Living RoomContemporary Living Room, San Francisco
What Houzz contributors are saying:
Another light-related challenge is the phenomenon known as “sundowning.” This is when the sun setting prompts feelings of depression and anxiety in those with dementia. A very common symptom, sundowning can be quite distressing to the person suffering from the disease, as well as to those around him or her.To help combat this symptom in your own home, you may want to install more blinds or drapes, or to move furniture so that those who are seated have the windows behind them. Toward the end of the day, increased artificial light can actually help minimize the effects of sundowning. Consider putting a few lights on a timer to eliminate the need for you to remember to turn them on. This can also be helpful because it keeps changes in light more consistent from day to day.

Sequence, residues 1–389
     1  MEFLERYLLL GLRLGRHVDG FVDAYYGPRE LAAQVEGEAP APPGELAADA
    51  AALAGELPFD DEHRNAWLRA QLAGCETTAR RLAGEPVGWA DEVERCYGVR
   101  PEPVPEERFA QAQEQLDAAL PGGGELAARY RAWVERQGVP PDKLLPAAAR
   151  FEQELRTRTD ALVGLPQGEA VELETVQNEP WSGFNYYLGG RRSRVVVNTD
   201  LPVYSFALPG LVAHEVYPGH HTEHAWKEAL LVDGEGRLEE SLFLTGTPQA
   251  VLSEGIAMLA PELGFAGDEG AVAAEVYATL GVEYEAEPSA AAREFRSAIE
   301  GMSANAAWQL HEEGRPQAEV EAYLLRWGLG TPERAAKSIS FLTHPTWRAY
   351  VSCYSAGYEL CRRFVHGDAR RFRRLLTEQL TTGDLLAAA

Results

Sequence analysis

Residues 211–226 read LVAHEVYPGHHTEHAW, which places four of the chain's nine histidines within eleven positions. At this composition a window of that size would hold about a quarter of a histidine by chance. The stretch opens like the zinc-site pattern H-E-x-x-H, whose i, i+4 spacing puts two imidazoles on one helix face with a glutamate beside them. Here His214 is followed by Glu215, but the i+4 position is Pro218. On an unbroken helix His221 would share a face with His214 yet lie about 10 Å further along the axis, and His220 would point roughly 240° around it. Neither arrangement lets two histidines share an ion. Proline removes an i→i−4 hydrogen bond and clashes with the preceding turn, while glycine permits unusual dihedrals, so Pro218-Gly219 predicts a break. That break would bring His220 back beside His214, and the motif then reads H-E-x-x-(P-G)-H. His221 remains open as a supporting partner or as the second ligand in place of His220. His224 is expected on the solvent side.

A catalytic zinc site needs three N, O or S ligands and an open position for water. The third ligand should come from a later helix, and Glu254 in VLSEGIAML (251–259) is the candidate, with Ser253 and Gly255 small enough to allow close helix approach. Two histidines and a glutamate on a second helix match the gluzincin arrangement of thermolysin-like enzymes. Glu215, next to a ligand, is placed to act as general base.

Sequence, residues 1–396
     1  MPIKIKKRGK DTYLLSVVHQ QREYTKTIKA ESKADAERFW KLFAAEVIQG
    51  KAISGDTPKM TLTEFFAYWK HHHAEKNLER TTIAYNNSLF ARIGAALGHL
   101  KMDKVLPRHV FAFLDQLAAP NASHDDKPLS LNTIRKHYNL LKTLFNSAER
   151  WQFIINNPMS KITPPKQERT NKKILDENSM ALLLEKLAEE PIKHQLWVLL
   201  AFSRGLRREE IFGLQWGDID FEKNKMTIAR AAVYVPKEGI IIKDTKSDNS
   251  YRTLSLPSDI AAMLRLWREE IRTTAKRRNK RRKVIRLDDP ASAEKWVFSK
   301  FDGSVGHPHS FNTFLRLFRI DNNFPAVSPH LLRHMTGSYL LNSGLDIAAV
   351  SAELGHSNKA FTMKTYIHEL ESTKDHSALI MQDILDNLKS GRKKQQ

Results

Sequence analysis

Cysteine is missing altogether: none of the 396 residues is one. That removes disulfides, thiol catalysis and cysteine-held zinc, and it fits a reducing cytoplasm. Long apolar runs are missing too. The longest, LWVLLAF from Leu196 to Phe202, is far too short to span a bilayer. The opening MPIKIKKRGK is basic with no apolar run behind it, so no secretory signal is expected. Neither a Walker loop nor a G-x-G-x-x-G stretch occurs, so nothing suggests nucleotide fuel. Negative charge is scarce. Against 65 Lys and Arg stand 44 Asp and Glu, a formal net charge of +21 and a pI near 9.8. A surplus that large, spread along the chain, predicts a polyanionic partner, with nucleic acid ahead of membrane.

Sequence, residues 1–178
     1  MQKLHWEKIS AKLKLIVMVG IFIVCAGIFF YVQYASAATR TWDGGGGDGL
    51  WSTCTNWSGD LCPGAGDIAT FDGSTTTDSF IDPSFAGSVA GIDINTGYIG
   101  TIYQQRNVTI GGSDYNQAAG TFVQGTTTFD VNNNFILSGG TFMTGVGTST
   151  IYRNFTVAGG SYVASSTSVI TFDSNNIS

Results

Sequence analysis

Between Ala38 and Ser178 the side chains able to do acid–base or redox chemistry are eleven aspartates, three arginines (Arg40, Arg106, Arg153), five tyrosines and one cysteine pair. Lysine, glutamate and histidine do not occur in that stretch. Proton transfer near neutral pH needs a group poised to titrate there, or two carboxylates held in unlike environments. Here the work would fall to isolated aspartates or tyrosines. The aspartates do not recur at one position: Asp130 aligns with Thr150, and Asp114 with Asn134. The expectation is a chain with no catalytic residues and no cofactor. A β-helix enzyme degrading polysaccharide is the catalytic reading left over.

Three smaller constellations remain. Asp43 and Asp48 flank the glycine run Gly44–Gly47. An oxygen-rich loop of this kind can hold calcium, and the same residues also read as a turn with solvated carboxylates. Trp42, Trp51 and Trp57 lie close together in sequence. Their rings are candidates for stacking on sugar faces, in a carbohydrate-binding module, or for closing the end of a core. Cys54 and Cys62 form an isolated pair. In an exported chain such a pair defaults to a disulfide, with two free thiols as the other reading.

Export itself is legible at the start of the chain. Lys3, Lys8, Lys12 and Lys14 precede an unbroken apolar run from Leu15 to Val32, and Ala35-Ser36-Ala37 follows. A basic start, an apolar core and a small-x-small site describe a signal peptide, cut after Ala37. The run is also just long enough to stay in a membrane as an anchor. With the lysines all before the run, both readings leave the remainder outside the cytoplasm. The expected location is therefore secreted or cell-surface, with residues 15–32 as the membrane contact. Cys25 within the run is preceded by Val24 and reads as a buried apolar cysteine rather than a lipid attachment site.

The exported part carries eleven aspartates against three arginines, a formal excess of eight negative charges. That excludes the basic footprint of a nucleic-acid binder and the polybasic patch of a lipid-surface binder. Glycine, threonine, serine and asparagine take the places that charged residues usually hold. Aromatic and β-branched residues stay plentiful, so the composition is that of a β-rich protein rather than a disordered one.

2. The New VerticalsWhat’s new: Innovations in materials and energy efficiency that lend practicality and a modern aesthetic All vertical blinds aren’t dead, just the ugly old papery ones. Ambience sheers that offer a choice of room-darkening and light-filtering liners are making a big comeback as people rediscover their virtuous simplicity and versatility. As more homeowners look to lighten and simplify their interiors, today’s verticals will continue to gain traction as an elegant, updated solution.
4. Vertical blinds. I’ll admit, I was a little taken aback by this one. I like my vertical blinds, especially the ones in my bedroom, and especially after I hang a large blanket, a dark red fitted sheet and blackout curtains over them. That’s just me. As longtime designer Becky Dietrich points out, however, vertical blinds have come a long way, work great for large windows and sliding glass doors, and are now available in materials like sheer fabrics. How to Choose the Right Window Blinds5. Fake flowers. Actually, pretty much fake anything. I definitely can get behind this one, though of course there has been a vase of fake flowers in my home at various points in my life, ones I let stay for far too long. Architect Eric Reinholdt advocates for humble materials that “don’t draw attention to themselves or pretend to be something they’re not.” I think that’s a simple way to make a home more honest and inviting. Design Workshop: The Beauty of Humble Materials